NEW YORK CITY — Legislation that would force commercial hotel owners to announce to customers that they are housing the homeless at their properties is expected to be proposed Wednesday by New York City Councilman Eric Ulrich.
"It's going to be a big stick in the eye to the mayor, who has absolutely failed abysmally when it comes to addressing the homelessness crisis that we have in this city," Ulrich said.
Ulrich did not pull any punches with his verbal jabs in front of City Hall Tuesday.
The councilmember who represents the 32nd District in Queens will introduce this legislation on Wednesday to make it a law that any commercial hotel that the city uses to house the homeless must make paying customers aware at reservation or check-in that the property houses the homeless.
For nearly two years, PIX11 News has investigated the city's homeless crisis and the reliance by the Department of Homeless Services to house the homeless in commercial hotels right beside regular paying customers.
"This bill would not be introduced if it were not for the journalism at PIX11 News," Ulrich said.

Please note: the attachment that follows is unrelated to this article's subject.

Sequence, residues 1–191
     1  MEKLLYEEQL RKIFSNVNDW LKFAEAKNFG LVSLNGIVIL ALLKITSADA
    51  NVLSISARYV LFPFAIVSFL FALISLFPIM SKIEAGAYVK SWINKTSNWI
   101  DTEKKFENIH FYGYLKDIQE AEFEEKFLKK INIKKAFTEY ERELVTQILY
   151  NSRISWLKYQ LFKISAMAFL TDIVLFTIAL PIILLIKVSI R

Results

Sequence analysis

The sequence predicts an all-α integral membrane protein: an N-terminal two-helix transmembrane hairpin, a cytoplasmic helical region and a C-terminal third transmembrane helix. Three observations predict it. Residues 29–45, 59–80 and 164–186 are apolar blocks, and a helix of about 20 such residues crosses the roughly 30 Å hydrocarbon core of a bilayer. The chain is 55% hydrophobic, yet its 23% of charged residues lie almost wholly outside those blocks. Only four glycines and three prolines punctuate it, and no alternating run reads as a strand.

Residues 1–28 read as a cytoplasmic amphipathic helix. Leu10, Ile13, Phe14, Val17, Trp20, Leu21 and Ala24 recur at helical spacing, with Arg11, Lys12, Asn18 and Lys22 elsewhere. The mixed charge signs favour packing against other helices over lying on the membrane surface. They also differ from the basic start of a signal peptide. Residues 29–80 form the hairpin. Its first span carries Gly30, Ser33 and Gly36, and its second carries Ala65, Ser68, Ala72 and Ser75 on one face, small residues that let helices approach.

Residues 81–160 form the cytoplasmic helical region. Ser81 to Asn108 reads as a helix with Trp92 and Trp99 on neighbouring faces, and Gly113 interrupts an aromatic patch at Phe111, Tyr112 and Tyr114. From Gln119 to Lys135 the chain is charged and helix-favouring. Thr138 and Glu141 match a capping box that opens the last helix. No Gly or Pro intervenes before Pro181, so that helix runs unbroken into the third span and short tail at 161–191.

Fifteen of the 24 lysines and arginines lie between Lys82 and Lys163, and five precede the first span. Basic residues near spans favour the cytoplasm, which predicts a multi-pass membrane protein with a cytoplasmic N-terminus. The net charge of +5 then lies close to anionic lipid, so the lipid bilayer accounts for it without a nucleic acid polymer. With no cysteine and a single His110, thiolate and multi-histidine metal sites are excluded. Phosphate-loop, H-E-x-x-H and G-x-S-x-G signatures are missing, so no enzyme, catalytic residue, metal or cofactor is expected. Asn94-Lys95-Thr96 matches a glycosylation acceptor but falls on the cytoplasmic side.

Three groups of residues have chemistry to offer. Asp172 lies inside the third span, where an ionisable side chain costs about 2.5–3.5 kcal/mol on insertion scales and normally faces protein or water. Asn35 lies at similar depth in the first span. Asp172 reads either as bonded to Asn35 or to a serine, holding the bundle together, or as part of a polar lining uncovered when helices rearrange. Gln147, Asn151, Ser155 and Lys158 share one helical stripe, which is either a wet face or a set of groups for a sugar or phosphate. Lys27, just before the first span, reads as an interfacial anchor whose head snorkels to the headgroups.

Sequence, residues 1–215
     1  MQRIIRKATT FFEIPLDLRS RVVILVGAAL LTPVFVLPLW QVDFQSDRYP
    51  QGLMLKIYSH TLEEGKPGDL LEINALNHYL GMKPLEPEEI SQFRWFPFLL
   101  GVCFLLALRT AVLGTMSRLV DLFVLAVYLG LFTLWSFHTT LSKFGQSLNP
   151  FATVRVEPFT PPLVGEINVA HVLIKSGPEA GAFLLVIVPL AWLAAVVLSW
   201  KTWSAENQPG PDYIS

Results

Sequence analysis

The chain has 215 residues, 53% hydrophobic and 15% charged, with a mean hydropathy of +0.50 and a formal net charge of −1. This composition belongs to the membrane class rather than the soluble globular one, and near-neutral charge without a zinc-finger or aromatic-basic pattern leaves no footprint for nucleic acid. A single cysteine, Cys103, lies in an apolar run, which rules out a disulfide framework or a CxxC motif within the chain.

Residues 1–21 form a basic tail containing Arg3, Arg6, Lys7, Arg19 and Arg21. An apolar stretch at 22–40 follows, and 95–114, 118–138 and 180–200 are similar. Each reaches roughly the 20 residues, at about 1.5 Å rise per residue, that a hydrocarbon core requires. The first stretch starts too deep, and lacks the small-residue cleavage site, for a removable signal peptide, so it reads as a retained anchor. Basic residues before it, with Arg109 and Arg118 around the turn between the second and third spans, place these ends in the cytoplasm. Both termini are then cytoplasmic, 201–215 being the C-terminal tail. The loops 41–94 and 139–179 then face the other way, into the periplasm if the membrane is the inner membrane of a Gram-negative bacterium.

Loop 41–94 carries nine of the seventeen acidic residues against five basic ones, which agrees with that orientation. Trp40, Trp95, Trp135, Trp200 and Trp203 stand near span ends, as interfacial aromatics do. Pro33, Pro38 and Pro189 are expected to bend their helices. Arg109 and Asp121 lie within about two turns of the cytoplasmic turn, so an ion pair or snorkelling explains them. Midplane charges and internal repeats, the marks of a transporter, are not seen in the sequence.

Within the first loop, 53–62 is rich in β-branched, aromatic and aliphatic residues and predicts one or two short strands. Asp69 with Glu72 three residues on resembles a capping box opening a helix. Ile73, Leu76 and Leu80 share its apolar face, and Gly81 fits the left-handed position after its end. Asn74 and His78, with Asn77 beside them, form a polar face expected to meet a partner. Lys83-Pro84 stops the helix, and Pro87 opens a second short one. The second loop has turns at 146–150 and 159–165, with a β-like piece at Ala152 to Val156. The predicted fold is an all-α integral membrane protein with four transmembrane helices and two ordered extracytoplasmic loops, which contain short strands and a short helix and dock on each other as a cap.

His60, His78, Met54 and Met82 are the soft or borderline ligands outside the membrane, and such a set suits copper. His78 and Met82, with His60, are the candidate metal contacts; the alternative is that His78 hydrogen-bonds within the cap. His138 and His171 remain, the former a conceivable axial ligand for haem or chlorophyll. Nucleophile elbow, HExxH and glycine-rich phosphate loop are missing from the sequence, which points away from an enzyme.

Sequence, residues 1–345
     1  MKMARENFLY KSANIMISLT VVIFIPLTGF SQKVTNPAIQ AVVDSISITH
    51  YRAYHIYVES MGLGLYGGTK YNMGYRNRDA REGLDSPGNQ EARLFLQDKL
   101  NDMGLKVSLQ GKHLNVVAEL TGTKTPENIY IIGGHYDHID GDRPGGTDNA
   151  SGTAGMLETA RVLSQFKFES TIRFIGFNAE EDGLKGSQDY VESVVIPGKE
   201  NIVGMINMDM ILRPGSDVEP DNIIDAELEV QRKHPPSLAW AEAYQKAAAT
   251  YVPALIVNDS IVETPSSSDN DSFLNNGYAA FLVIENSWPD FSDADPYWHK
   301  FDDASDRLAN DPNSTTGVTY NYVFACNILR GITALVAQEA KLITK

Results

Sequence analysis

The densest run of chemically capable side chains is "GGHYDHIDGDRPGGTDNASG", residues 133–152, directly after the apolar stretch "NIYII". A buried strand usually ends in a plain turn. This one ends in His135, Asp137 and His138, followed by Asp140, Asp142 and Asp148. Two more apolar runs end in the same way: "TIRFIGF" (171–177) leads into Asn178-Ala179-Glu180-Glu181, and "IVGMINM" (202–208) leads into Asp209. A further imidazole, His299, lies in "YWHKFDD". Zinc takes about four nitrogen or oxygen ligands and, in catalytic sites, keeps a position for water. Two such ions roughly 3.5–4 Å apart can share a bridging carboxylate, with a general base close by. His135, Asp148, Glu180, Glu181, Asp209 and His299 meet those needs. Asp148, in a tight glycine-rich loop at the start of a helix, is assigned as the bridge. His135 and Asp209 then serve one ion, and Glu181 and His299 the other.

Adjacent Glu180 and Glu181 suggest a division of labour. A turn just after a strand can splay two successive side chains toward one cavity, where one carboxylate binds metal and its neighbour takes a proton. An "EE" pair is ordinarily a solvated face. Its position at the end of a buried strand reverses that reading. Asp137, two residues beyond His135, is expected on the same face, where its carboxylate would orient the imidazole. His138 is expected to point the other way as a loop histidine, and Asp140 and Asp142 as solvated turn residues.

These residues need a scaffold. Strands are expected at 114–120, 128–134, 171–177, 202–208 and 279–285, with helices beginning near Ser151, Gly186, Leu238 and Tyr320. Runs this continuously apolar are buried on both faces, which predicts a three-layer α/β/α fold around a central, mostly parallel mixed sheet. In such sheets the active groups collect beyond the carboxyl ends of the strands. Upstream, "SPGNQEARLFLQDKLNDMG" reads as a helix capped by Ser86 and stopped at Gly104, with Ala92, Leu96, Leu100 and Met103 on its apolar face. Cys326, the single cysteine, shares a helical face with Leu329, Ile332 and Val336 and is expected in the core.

PIX11 News has reported on the issue of tourists who are oblivious of the fact that the city is housing the homeless in the hotel they are staying at.
Ulrich said the public should not be kept in the dark.
"The public has a right to know whether or not that hotel or that motel is also being used as a temporary homeless shelter," he said.
However, Ulrich also was quick to point out the following: "I would never attack homeless individuals, homeless families, but I will attack failed homeless policies."
The practice to house the homeless in commercial hotels has resulted in a consistent revenue stream for some hotels, with their owners greatly profiteering off the crisis.
When PIX11 News asked Ulrich, "What message is being sent to them with this?"
He quickly responded, "I think this is going to scare the daylights out of them. They don't want advertise on the internet or in the lobby of their hotel or motel that they have homeless people staying there but they ought to know better."
As for the chances that this legislation will pass, Ulrich said "it's going to be an uphill because the mayor is not going to want it."